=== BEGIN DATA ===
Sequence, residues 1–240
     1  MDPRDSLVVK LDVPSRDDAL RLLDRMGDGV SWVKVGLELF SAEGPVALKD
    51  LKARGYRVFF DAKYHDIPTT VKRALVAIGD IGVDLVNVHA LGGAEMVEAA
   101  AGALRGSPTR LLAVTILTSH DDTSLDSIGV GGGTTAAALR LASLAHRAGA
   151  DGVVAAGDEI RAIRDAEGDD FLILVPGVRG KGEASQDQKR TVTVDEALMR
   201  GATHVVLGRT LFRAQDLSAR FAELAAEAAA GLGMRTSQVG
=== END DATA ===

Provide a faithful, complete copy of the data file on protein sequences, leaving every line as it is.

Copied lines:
Sequence, residues 1–240
     1  MDPRDSLVVK LDVPSRDDAL RLLDRMGDGV SWVKVGLELF SAEGPVALKD
    51  LKARGYRVFF DAKYHDIPTT VKRALVAIGD IGVDLVNVHA LGGAEMVEAA
   101  AGALRGSPTR LLAVTILTSH DDTSLDSIGV GGGTTAAALR LASLAHRAGA
   151  DGVVAAGDEI RAIRDAEGDD FLILVPGVRG KGEASQDQKR TVTVDEALMR
   201  GATHVVLGRT LFRAQDLSAR FAELAAEAAA GLGMRTSQVG